Mets See A Turnaround For Thompson

NEW YORKWhile playing at Westminster Christian High in Miami, David Thompson broke Prince Fielder’s career prep home run record for the state of Florida.

Thompson then had an accomplished career at Miami and landed with the Mets as a fourth-round pick in 2015. Now, the 22-year-old third baseman is off to a fast start at low Class A Columbia.

He led the South Atlantic League with 36 RBIs through 32 games while hitting .299/.370/.496 with 16 extra-base hits, including three home runs.

Thompson hit just .218 and slugged .320 in 59 games at short-season Brooklyn last season in his pro debut. The Mets believe he ran out of gas, having reported shortly after playing through the College World Series.

“I was tired, but I just had a bad year swinging at some bad pitches,” said Thompson, a righthanded batter. “I didn’t play too well.”

Thompson acknowledged that he is still trying to improve his selectivity at the plate.

“I’m still getting myself out too much by swinging at bad pitches,” he said, “but I feel like I’ve gotten a lot better at swinging at my pitch instead of a pitcher’s pitch. I’m still working on that.”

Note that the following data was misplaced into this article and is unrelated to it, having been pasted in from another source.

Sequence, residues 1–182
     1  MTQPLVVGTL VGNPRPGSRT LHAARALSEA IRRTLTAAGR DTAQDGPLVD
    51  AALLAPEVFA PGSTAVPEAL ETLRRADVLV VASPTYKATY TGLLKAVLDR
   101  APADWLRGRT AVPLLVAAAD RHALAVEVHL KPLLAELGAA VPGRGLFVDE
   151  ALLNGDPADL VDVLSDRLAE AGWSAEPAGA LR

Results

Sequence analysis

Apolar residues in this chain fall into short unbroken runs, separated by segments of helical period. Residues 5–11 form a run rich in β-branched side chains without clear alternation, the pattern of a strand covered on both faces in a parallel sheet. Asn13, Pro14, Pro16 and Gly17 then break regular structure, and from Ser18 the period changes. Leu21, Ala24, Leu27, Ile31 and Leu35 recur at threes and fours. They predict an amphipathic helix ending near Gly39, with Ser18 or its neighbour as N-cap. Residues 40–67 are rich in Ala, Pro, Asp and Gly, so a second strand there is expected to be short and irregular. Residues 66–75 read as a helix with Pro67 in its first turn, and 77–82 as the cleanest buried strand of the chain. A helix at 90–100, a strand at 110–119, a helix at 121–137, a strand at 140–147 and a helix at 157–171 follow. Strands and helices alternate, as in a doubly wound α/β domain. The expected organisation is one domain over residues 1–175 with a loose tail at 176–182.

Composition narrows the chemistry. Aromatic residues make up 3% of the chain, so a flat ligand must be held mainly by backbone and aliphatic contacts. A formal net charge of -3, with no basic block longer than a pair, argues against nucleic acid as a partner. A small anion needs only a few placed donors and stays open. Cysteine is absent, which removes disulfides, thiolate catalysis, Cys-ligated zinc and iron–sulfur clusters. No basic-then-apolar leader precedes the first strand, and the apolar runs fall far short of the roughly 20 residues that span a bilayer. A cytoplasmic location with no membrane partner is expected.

Thompson had drawn 11 walks against 26 strikeouts in the early going.

The Mets have been complimentary of Thompson’s defense, though the third baseman concedes he does not have a rifle arm. He twice had shoulder surgery on his labrum and also had a procedure in college to address thoracic outlet syndrome, which involved removing a rib and troublesome vein.

“I’ve always considered myself a pretty good third baseman,” Thompson said. “I get ragged on about my arm a lot, but my arm is feeling pretty good, and I feel like I can get the ball there in time.

“I’ve still got a lot of work to do to get better, get quicker. But I like playing third and feel like I do a pretty good job.”


• Columbia outfielder Tucker Tharp, a 30th-round pick in 2014 out of Kansas, had surgery to repair multiple facial fractures after getting hit by a pitch by Lexington righthander Scott Blewett on April 28. Tharp’s vision was unaffected.

• Double-A Binghamton second baseman Jeff McNeil, who finished second in the Florida State League batting race (.312) in 2015, suffered a sports hernia that required surgery.

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